Legal framework: orphan designation

This page summarises the legal background to the procedure for orphan designation in the European Union (EU). It includes the key milestones in EU legislation adopted since the Orphan Regulation was first adopted in 1999.

    Review of Orphan Regulation

    The European Commission has conducted a comprehensive review of the strengths and weaknesses of the EU regulatory framework governing orphan medicines.

    The evaluation found that the Orphan Regulation has fostered the development and availability of medicines for patients with rare diseases. It has redirected private and public investment towards previously neglected areas through incentives, obligations and rewards.

    Thanks to the treatment with medicines for rare diseases, patients benefited from an improvement in their quality of life. However, it also found that it has not sufficiently managed to support development in areas where the need for medicines is greatest, and has increased costs for healthcare systems.

    The European Commission evaluated the Orphan Regulation together with the Paediatric Regulation, with similar findings for both.

    Both regulations set out to address the lack of medicines available for the patient groups concerned, and they often address the same therapeutic areas, since many childhood diseases are rare.

    The outcome of this review is intended to guide future legislative changes and shape the EU’s pharmaceutical strategy.

    Regulation (EC) No 141/2000 (the Orphan Regulation)

    Commission notice 2016/C 424/03

    On 18 November 2016, the European Commission adopted Commission notice on the application of Articles 3, 5 and 7 of Regulation (EC) No 141/2000 on orphan medicinal products (2016/C 424/03), which is intended to facilitate the application of Articles 3 (criteria for designation), 5 (procedure for designation and removal from the register) and 7 (Union marketing authorisation) of Regulation (EC) No 141/2000. The notice replaces the Communication 2003/C 178/02 of 29 June 2003.

    On 16 December 1999, the European Parliament adopted Regulation (EC) No 141/2000 (the Orphan Regulation). This was published in the Official Journal of the European Communities on 22 January 2000.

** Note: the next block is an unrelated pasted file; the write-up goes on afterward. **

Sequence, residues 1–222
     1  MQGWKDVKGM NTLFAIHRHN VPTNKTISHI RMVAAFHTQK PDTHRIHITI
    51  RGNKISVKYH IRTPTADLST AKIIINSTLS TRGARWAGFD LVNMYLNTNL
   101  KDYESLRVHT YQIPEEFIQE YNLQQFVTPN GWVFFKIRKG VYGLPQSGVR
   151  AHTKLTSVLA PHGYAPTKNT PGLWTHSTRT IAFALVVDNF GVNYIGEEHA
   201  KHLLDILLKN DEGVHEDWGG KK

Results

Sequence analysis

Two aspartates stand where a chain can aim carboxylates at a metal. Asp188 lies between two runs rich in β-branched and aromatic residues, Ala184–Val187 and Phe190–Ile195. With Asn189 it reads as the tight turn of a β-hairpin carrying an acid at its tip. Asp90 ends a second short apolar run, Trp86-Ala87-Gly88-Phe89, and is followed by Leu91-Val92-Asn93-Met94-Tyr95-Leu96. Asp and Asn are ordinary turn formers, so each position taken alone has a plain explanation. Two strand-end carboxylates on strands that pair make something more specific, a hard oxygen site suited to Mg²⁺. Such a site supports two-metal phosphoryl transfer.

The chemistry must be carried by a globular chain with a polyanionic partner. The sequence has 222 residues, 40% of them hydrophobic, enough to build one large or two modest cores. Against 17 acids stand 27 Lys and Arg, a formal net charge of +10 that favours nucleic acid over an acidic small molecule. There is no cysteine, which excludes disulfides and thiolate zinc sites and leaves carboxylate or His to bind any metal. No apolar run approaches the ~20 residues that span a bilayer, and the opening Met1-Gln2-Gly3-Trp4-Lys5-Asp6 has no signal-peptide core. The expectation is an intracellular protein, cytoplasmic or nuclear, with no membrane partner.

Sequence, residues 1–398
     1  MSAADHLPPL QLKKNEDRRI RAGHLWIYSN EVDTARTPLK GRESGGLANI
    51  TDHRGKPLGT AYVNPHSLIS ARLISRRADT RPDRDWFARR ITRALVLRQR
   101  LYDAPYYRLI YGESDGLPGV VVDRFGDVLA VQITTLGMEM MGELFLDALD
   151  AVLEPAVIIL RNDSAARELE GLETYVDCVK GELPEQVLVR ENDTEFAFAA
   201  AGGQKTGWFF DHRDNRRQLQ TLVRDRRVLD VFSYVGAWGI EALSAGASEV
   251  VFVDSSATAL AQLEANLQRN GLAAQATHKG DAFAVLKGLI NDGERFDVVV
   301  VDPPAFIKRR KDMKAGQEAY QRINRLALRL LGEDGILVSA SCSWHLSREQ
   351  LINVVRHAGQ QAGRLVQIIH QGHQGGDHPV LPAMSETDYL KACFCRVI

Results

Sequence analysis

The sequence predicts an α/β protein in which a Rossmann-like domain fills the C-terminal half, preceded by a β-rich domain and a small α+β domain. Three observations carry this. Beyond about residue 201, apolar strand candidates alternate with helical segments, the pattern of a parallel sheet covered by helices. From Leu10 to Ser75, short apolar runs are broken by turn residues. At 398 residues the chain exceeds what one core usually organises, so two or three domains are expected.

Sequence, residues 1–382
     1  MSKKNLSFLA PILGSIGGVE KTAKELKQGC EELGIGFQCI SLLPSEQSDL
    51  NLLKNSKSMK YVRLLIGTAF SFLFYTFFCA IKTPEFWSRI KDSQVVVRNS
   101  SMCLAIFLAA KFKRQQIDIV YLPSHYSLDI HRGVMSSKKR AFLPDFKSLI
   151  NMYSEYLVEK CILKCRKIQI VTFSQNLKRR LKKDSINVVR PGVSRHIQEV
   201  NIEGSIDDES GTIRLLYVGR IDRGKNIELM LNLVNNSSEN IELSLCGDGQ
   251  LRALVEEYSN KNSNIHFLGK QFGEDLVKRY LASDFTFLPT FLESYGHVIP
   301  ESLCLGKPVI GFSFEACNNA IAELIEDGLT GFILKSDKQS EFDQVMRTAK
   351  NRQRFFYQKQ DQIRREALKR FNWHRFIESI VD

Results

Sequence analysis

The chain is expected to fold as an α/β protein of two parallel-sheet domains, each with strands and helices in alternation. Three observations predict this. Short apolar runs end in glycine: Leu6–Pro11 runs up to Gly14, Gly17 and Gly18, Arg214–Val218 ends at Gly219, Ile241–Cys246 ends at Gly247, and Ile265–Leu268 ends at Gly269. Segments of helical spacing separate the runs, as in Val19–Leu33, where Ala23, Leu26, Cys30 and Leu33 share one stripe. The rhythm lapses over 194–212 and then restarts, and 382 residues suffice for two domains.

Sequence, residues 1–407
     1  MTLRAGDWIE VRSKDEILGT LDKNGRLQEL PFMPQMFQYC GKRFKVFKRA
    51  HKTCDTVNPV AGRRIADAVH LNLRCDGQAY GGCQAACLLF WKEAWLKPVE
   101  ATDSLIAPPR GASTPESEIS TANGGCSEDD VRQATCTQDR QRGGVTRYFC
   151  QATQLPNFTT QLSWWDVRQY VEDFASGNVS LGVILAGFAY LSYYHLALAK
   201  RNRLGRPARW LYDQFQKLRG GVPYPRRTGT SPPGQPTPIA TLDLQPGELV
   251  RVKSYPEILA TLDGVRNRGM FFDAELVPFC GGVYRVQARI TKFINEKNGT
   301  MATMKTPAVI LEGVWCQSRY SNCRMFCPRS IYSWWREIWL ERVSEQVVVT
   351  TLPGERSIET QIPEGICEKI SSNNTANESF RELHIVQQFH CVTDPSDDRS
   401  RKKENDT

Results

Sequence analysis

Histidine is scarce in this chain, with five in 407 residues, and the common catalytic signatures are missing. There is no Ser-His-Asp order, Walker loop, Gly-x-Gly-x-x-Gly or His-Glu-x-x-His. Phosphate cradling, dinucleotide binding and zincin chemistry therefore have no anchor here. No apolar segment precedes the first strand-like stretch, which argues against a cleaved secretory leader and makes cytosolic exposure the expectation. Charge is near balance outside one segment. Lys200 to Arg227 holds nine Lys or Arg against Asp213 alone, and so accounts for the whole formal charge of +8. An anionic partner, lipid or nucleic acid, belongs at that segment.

The Regulation:

    Regulation (EC) No 847/2000

    On 27 April 2000, the European Commission adopted Regulation (EC) No 847/2000, which:

    • lays down implementing rules;
    • sets out definitions essential for the application of the Orphan Regulation.

    This Regulation entered into force on 28 April 2000. On this date, sponsors could begin to submit applications for orphan designation to the European Medicines Agency.

    Regulation (EC) No 726/2004

    On 31 March 2004, the European Parliament adopted Regulation (EC) No 726/2004, which provides the legal framework for the centralised authorisation and supervision of medicines for human and veterinary use and establishes the European Medicines Agency (EMA). It determines that:

    Regulation (EC) No 507/2006

    On 29 March 2006, the European Parliament adopted Regulation (EC) No 507/2006, which provides the legal framework for the granting of a conditional marketing authorisation to medicines that fall within the scope of Regulation (EC) No 726/2004. It establishes that orphan medicines can be granted a conditional marketing authorisation within this legal framework.

    Regulation (EC) No 1901/2006

    On 12 December 2006, the European Parliament adopted Regulation (EC) No 1901/2006 on medicinal products for paediatric use. It establishes that the usual period of market exclusivity for orphan medicines may be extended to twelve years if study results are submitted in compliance with an agreed paediatric investigation plan at the time of marketing authorisation.

    Regulation (EC) No 2049/2005

    On 15 December 2005, the European Commission adopted Regulation (EC) No 2049/2005 regarding the payment of fees to, and receipt of assistance from, the EMA by micro, small and medium-sized enterprises (SMEs). It determines that scientific advice and scientific services for designated orphan medicines shall be provided by the EMA to SMEs free of charge.


    European Commission guidelines


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